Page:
It has been three years since I left that house. I avoided every place that reminded me of her. Surprisingly, seeing that necklace so many years later brought a smile on my face. Like every other possession, this piece of jewelry was dumped at the corner of my room, tucked in a wooden box.
I borrowed this necklace from my mum to wear at a friend’s wedding. Of course, like every other I had “borrowed” from her, this too eventually made its way to the list of my belongings.
Today is her 3rd death anniversary. I still forget sometimes that she no longer is with me. Halfway through a text telling her I will be late for dinner the bitter truth dawns on me. I was in complete denial the first six months. Even though I saw her corpse after the accident bathed in blood, somewhere in my heart I couldn’t convince myself that I will never see her beautiful smile again.
Living in that house became unbearable for me. I saw her standing by my bedroom door bidding me goodnight. I saw her making tea in the kitchen. Some days, I saw her sitting on the couch reading the newspaper. I would continuously sob for hours sitting on her bed turning the pages of the photo albums. My eyes would get so puffy each morning as if I had my eyes half closed. I wanted to run away; to a place unknown and unexplored. Some where I can eat without having to stare at her empty chair. A place, where every single thing didn’t remind of her.
After a week, I finally decided to move to a new place. My late grandfather owned this place. My father passed away when I was very young. My mum was all I had and now her memory haunts me.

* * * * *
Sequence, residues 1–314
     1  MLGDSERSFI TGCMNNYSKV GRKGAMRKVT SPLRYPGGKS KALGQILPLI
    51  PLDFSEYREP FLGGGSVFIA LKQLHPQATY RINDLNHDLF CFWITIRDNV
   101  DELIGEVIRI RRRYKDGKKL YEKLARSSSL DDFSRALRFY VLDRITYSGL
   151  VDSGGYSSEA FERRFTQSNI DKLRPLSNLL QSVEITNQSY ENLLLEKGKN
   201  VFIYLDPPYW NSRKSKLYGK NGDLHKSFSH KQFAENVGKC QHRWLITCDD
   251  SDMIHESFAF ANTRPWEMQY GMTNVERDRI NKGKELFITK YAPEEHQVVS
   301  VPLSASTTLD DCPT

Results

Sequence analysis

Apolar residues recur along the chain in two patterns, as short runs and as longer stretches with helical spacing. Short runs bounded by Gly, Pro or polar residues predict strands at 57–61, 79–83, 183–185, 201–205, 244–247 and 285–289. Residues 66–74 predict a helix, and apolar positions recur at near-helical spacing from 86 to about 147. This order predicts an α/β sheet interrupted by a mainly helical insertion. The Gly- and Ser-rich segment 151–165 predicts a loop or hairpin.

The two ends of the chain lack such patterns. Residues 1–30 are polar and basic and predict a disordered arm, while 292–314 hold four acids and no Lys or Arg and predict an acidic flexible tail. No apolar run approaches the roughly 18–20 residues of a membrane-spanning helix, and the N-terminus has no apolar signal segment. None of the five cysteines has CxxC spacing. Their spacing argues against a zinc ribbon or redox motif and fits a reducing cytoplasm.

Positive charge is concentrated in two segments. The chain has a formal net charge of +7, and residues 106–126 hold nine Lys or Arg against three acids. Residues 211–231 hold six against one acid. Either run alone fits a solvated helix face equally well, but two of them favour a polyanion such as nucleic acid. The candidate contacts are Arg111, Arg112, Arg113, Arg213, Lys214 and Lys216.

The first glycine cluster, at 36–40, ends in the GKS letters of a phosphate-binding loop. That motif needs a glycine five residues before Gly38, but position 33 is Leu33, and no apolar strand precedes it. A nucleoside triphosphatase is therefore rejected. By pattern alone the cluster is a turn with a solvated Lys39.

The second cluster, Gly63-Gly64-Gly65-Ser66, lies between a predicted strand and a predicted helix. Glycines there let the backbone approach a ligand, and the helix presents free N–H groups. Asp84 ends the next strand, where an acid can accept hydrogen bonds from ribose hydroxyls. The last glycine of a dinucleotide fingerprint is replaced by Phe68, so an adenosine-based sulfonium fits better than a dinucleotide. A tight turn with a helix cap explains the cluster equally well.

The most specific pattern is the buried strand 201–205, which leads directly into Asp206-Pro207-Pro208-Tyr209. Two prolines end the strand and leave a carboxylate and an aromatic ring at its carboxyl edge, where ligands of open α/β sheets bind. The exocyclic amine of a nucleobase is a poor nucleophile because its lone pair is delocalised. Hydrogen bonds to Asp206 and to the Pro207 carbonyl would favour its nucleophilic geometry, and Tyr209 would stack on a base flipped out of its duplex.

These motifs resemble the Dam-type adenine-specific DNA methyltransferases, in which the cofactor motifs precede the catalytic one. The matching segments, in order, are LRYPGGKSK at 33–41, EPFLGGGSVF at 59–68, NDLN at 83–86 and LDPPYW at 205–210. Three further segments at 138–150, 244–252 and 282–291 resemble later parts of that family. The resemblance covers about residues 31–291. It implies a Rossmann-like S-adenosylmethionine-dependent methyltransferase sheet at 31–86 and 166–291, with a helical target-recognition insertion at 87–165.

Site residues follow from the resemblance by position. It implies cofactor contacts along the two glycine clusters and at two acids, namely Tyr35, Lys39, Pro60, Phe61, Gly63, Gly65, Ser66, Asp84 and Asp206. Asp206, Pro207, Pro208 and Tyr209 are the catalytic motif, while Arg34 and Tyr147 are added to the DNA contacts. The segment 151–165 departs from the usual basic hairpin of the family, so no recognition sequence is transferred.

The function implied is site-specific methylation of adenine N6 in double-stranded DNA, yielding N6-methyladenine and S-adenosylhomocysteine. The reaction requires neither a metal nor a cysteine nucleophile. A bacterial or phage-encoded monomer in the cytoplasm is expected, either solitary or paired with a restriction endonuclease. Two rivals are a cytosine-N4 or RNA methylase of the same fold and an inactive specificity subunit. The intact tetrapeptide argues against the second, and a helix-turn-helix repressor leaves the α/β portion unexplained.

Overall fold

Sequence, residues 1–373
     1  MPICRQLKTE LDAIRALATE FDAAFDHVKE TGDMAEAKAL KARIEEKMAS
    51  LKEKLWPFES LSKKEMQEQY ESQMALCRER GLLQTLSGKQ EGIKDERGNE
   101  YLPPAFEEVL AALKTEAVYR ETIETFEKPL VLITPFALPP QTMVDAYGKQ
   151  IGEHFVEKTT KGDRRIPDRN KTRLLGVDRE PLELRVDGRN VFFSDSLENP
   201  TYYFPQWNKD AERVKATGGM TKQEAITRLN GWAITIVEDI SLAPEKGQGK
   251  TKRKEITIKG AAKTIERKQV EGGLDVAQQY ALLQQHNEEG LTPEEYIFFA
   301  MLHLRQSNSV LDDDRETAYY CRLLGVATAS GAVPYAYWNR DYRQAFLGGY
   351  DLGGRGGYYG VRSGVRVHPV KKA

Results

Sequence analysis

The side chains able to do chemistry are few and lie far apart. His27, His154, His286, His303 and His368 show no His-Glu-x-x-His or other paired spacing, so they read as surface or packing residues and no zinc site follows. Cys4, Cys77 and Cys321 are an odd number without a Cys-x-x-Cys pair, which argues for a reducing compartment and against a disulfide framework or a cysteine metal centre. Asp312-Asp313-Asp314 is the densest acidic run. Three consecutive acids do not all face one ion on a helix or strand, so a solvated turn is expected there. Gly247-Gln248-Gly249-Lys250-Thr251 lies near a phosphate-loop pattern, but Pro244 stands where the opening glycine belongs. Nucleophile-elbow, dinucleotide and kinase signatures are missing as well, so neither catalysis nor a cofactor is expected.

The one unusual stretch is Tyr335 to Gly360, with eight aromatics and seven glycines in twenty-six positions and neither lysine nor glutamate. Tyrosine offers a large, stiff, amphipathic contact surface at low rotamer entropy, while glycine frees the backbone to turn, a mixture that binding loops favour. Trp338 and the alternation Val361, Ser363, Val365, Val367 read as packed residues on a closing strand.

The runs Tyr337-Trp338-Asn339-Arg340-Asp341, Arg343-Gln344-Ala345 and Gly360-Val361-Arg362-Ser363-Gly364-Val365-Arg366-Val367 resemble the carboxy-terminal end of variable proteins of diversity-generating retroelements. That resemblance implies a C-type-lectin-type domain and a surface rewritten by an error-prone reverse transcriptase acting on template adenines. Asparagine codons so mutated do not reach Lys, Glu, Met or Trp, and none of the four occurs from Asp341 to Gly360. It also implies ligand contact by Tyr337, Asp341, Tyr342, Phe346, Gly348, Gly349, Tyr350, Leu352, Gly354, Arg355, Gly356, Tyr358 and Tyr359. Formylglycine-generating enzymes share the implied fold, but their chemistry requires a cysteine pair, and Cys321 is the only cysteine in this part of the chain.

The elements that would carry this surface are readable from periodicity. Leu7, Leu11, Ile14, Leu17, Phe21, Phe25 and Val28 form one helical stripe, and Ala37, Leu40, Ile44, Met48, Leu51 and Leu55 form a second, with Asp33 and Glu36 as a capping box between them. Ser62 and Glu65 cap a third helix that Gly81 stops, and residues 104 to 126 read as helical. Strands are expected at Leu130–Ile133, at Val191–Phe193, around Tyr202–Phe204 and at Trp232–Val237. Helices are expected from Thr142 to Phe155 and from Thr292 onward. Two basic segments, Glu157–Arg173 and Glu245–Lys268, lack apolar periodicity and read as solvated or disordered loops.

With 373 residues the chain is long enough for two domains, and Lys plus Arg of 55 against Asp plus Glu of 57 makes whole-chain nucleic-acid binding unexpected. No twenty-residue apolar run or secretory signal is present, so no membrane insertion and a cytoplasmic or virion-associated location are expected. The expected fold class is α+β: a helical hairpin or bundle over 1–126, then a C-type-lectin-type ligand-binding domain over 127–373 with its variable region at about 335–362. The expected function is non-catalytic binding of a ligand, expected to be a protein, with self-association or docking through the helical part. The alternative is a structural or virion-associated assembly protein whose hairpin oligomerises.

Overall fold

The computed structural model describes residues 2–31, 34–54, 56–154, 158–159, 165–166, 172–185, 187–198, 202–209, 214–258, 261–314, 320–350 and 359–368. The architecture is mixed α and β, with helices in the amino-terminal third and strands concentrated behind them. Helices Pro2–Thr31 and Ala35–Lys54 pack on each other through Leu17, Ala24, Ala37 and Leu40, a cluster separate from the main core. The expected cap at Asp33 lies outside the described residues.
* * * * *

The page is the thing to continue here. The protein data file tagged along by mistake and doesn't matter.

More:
I rented a small place for myself and only brought with me the necessary items. No matter how busy I was the feeling of emptiness never left. Why did it have to be her under that bus? I would ask myself. I strongly believe that everything happens for a reason and maybe it was for the best. I should stop being selfish. She is in a better place now. All I can do now is pray for her.
I was desperate to leave the memories of my mother behind and turn over a new leaf. It’s strange that three years later, here I am smiling at her necklace. After a lot of thought I decide to visit that house. On my way I was gripped with mixed emotions. I felt nervous and fearful. Blurry images of the sofa set and my bedroom flashed before my eyes. After three years when finally I have accepted the fact the she will not return, will I be able to stop my heart from shattering into a million pieces when I see her cupboard full of vibrant coloured sarees? Will I still see her waving goodbye from the balcony when I leave? Or will I find peace sitting on her bed reminiscing about our last moment together? I didn’t know.
I shivered as I took the first step in. As I entered my bedroom, my eyes flooded with tears. The scarlet curtains draping the window behind my bed had turned a light shade of brown due to the deposits of dust.
“Mum, do you really think I will let you hang these bizarre curtains in my bedroom?”
“Oh please Ameera, look how lovely these are,” mum said with a wide grin on her face.
“Yes, these really are lovely” I whispered to myself as I wiped my cheeks. I turned around and as I was about to leave the room, a photo frame on my bedside table caught my attention. I had almost forgotten about it. It was a picture taken 5 years ago. I had turned 25 and that was our first trip together outside Dhaka.
Every single thing in this house is attached to a memory of my mother. Why was I running away from this place when this is all I have left of her? The same objects that gave me immense pain 3 years ago are now giving me comfort. If I let these memories die then I will be alone in the truest sense. I decided to move back here at the start of next month. I will not let this place haunt me but instead remember it as a place where I had spent some of the best times of my life.